[0017] Spacer 10 may include a number of linkages 40 positioned between the plates 50 depending upon the application. Each individual linkage 40 mates with a complimentary linkage 40 to provide movement to the spacer 10. In embodiments illustrated in FIGS. 1 and 2, spacer 10 includes two pairs of linkages 40 on a first side of the pull arm 30, and another two pairs of linkages 40 on a second side of the pull arm 30 for a total of four pairs of linkages, or eight total linkages. In another embodiment (not illustrated), spacer 10 includes only two pairs of linkages 40, or four total linkages. Various numbers of linkages 40 may be included within the present invention depending upon the specific requirements of the spacer and necessary amount of disc space load. In one embodiment, linkages 40 are independent and individually spaced apart. In another embodiment, linkages 40 are paired together, but adjacent linkage pairs do not contact.

[0018] Each linkage 40 has an elongated shape with an aperture 42 adjacent to each end to receive pins. The ends of each linkage 40 may have a variety of shapes and configurations. In embodiments illustrated in FIGS. 1 and 2, each end is substantially rounded. In the embodiments illustrated in FIGS. 6 and 7, each end has a partially rounded section with a linear edge extending along one side of the linkage 40. In one embodiment, teeth 44 are positioned about at least one end of each linkage 40. Teeth 44 are sized to mate with complimentary teeth 44 on adjacent linkages 40. Teeth 44 may be positioned along the ends of the linkages 40, or may also extend along the elongated length. In the embodiments illustrated in FIGS. 1 and 2, teeth 44 are positioned along one side of the rounded edge. In the embodiments of FIGS. 6 and 7, teeth 44 extend along only a section of each end and further down along the length.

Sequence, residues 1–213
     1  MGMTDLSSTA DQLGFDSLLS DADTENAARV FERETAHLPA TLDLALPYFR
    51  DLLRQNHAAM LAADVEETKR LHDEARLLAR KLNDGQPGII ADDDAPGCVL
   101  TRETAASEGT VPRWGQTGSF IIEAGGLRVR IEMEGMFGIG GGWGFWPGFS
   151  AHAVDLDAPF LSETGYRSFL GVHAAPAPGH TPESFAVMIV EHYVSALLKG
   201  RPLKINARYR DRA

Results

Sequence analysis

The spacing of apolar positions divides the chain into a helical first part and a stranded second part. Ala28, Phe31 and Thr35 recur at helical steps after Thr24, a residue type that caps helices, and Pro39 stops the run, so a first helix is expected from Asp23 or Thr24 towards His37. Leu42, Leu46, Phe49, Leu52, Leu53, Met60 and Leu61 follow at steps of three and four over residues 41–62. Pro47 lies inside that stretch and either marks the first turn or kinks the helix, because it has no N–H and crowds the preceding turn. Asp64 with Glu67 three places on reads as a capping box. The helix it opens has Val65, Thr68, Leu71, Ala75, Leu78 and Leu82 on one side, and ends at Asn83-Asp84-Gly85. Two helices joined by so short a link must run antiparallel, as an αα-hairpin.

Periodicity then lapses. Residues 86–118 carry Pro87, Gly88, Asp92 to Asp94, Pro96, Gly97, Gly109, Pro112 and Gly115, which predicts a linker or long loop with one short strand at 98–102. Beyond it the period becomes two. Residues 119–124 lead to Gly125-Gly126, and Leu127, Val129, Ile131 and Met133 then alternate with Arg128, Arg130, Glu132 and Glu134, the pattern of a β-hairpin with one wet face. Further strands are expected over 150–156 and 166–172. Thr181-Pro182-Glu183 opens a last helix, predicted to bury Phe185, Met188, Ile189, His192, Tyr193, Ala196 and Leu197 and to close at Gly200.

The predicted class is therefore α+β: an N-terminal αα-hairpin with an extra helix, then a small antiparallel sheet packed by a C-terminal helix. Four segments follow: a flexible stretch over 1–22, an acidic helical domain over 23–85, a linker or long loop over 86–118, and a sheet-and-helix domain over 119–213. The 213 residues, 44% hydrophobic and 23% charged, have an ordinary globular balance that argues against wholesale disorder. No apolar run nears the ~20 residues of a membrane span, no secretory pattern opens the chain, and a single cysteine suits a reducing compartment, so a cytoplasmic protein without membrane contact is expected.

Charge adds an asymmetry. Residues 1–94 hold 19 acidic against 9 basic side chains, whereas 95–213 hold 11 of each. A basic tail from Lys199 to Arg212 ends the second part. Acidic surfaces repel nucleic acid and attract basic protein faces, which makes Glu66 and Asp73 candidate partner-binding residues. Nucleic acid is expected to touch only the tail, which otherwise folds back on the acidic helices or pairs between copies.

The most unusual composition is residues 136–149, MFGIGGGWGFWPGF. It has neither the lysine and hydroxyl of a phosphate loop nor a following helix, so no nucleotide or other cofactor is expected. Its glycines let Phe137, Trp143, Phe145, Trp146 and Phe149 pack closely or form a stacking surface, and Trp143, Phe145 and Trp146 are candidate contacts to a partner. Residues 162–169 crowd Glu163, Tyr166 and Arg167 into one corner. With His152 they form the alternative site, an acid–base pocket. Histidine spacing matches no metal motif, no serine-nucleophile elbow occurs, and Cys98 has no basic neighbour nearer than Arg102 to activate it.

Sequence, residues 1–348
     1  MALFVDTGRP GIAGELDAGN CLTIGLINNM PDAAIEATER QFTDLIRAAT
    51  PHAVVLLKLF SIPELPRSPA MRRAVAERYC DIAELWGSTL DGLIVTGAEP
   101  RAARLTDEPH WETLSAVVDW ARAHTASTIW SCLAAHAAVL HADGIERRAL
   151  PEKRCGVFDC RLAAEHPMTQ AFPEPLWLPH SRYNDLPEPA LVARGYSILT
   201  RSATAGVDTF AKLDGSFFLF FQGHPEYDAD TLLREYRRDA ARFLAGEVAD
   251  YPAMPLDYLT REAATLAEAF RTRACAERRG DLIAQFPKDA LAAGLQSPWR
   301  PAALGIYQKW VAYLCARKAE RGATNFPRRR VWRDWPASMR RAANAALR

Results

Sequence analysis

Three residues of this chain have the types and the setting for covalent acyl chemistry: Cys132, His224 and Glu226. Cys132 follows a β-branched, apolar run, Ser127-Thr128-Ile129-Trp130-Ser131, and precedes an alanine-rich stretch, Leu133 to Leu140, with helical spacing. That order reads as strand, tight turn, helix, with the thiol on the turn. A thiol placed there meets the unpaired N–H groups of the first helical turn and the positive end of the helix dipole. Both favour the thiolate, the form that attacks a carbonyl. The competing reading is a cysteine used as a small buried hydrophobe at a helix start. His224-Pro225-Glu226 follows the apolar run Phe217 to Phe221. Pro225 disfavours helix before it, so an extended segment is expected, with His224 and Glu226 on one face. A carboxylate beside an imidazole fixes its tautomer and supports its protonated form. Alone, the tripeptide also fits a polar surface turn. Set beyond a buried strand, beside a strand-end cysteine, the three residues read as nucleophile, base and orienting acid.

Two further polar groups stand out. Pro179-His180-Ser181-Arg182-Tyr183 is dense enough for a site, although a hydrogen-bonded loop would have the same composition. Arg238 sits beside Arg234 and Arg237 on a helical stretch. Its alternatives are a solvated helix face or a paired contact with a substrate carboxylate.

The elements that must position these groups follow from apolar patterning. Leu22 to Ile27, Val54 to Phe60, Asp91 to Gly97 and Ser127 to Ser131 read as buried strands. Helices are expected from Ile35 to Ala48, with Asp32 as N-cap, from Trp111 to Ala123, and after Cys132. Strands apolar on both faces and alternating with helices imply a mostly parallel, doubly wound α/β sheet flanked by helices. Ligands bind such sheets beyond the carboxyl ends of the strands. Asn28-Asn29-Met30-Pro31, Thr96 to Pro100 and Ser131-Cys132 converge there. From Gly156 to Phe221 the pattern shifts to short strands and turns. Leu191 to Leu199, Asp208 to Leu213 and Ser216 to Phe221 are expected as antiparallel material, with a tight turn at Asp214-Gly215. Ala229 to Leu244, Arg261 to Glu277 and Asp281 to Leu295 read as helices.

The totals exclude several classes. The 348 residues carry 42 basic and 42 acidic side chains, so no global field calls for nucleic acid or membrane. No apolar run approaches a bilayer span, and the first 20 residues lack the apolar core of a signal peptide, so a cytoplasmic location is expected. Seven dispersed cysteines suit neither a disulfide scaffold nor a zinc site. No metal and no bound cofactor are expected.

[0019] In one embodiment, linkages 40 are shaped to compliment adjacent linkages. In one embodiment illustrated in FIG. 2, a linkage first side 40 a includes a recessed section 47 and an extended section 46. An edge 45 extends across the length of the linkage 40 defining the recessed section 47 and extended section 46. A linkage second side 40 b may have a variety of configurations, such as substantially flat. The linkages 40 overlap with the first sides 40 a mating together in the closed orientation. The complimentary shapes give the linkages 40 a smaller profile thus reducing the dimensions of the spacer 10 as illustrated in FIG. 1.

[0020] Plates 50 are positioned on a first and second side of the spacer 10 to contact the vertebral members. Plates 50 include a contact surface 52 having a surface area to distribute the disc space load created by the spacer 10 across a large region of the vertebral members. In one embodiment, the contact surface 52 is about 16 mm in length by about 8 mm in width. The dimensions of the contact surface 52 may vary depending upon the construction of the spacer 10. By way of example, embodiments illustrated in FIGS. 1 and 2 have a contact surface 52 with a substantially hourglass shape. In embodiments illustrated in FIGS. 6 and 7, contact surface 52 has a substantially rectangular shape. In embodiments illustrated in FIGS. 1 and 2, the contact surface 52 is substantially flat. In another embodiment, the contact surface 52 may be rounded. In one embodiment, plate 50 has a width equal to the overall width of the spacer 10. In another embodiment, plate 50 has a width less than the overall width of the spacer 10.